Tip 4: Turn threats into opportunities
Sometimes, transformation happens whether you want it or not. Still, it can transform the way a company looks at the power of their technology. “A major multinational retail organization was notified that they had to move their eCommerce platform because the data center was going to close. They had to choose between private cloud or public cloud. The advantages like agility, stability and cost reduction seemed almost to good to be true, and the client found it hard to believe,” Pieter explains. “They only had a year to make the transfer, and there was some concern about whether it would be possible.”
Less than eight months later, Mirabeau - a Cognizant Digital Business had migrated a heavily customized IBM WebSphere Commerce Suite (WCS) – including production and non-production environments for 38 websites across 8 high-profile brands – onto the AWS Cloud. In a process that usually takes a year or more, the Cognizant team enabled the retailer to migrate to the cloud, mitigate trade risk, reduce hosting costs by a factor of four, reduce TCO by nearly 70% and achieve ROI within one year. “After that, the client became a true believer in the power of the cloud,” Pieter laughs.
“But the biggest advantage was the increase business agility they achieved,” Pieter says. “Provisioning a new environment or a set of servers now only take hours instead of months. Day-to-day platform performance is more stable, and background latent errors have nearly been eliminated. The retailer can now make customer experience improvements easier, faster and cheaper than ever before. So, what started out as a stressful and worrisome project has turned into a real competitive advantage.”
As retailers examine their business & operational models, the kinks in their technology will become abundantly clearPieter Post, Principal Consultant Retail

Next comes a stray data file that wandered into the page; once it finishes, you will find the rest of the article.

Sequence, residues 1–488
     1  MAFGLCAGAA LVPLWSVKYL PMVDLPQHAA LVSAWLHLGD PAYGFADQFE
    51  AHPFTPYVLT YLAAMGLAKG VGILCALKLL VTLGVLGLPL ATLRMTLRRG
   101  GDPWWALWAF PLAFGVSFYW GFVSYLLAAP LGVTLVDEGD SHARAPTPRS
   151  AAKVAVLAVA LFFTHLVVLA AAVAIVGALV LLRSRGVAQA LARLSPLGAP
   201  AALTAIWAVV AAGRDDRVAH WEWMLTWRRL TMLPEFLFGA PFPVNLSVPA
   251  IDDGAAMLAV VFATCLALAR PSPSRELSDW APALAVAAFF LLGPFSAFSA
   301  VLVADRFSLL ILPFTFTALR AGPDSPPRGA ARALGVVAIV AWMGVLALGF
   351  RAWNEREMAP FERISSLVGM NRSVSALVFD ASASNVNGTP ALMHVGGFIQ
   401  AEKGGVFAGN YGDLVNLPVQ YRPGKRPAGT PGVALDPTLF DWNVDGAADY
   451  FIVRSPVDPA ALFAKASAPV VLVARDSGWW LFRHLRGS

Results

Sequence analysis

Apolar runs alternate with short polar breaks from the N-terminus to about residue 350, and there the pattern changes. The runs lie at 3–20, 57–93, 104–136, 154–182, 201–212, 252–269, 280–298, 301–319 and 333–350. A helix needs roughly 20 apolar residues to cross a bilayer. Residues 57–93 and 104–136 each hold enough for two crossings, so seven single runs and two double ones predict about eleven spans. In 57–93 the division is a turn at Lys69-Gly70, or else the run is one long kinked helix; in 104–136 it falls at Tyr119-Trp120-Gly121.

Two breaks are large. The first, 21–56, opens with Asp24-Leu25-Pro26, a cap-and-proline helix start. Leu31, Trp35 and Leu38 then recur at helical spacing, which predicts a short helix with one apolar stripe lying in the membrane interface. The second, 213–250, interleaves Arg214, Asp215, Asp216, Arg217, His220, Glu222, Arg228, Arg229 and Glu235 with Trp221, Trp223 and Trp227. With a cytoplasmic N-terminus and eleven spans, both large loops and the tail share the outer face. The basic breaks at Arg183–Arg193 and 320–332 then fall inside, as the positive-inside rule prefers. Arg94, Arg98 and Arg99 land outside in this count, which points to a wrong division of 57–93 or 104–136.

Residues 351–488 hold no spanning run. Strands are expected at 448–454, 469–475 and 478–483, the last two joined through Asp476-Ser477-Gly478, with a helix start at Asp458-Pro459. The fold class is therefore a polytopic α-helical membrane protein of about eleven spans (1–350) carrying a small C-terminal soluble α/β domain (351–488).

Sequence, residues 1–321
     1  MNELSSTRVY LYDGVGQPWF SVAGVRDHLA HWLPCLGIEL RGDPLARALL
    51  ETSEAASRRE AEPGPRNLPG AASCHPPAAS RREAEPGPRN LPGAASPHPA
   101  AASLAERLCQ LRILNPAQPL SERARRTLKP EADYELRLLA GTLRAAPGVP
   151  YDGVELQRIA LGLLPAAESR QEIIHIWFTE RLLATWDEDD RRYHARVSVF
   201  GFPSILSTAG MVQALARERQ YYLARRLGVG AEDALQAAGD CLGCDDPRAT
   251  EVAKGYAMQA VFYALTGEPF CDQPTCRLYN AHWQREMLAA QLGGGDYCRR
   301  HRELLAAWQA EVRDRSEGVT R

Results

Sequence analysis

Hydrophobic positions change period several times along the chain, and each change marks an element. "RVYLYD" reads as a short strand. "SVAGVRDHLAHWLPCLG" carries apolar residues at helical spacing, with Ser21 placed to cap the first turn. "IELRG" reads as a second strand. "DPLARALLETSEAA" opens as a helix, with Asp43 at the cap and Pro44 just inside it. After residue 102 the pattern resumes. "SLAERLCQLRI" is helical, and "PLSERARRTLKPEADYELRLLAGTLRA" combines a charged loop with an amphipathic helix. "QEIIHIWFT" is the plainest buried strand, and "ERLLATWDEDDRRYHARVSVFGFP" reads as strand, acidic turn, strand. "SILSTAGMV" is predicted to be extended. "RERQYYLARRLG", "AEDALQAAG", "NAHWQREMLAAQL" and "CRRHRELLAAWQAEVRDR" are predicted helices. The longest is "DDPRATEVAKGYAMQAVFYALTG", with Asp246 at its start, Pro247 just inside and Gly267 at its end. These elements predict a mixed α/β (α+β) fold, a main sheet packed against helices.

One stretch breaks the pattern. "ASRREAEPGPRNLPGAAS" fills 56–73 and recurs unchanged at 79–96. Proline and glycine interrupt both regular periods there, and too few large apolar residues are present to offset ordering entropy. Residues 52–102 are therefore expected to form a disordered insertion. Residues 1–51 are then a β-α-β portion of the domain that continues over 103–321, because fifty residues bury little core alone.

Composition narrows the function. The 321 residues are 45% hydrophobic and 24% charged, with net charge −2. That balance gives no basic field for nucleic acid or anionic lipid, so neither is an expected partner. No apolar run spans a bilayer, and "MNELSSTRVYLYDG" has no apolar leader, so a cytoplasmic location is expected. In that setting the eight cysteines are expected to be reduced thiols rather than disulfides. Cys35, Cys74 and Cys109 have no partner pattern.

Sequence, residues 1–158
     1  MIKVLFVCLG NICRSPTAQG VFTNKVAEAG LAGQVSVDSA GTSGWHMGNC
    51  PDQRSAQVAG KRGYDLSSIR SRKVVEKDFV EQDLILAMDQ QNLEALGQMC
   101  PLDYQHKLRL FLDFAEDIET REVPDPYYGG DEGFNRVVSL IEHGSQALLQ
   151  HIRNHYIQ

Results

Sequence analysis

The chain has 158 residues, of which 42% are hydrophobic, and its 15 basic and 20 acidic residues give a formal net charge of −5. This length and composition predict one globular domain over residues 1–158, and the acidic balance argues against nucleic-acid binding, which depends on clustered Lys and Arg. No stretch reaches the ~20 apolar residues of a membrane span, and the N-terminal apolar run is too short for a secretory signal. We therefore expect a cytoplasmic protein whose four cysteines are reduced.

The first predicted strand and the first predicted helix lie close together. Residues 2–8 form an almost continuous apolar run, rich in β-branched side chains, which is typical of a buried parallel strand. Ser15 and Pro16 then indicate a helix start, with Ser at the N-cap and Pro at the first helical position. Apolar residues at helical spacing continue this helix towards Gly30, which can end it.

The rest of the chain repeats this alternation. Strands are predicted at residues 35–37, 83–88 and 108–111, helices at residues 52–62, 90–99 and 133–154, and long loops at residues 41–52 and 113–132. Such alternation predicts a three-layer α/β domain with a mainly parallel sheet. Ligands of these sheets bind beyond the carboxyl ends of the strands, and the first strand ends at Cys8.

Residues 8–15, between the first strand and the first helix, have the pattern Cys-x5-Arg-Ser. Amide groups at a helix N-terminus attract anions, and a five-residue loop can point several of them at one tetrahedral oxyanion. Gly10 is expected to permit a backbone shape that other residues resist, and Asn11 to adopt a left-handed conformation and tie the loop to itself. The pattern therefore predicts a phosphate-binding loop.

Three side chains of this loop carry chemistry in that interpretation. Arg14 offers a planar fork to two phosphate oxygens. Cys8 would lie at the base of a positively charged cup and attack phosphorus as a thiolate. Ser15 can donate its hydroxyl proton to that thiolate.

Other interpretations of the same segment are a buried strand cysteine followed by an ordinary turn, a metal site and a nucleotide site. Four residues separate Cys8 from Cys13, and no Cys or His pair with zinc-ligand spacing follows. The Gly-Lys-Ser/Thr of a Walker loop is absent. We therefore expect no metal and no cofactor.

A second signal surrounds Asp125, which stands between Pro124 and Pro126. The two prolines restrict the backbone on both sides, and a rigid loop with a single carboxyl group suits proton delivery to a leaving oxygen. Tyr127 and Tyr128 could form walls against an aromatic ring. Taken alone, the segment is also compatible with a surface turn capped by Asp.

“Small start-ups often transform faster than legacy companies, and that’s no really a surprise,” Raymond says. “With shorter reporting chains and less history to contend with, smaller companies tend to be more agile by nature. But big legacy companies can learn a lot from the start-up mentality. After all, a cloud environment is easily scalable, so with an enterprise mindset, large companies can develop new ideas as fast as small companies do, and then scale up throughout the organization.”
Tip 6: Don’t forget your bricks and mortar
Both Pieter and Raymond emphasize the important of bringing all that digital insight into the brick-and-mortar stores. “Having an agile and integrated online environment is only the first step,” Raymond says. “If the experience in the physical store doesn’t match the convenience and service on the web shop, then retailers will miss opportunities.” And all the data the online environment gathers can make all the difference. It’s how retailers gain insight into the services that customers really want.
“The American grocery store giant Kroger is a great example of this,” Pieter explains. “With a mixture of digital solutions, IoT, apps and customer insight, Kroger launched EDGE, a cloud-based signage solution that makes in-store shopping personal and interactive, and also reduces Kroger’s electricity consumption and paper waste.” The digital signage on the shelves alerts customers to items on their shopping lists, indicates locally grown products, enables dynamic pricing, and much more. “Kroger listened to its customers’ wants and needs and developed a solution that is set to increase sales and reduce waste in all its stores,” he says.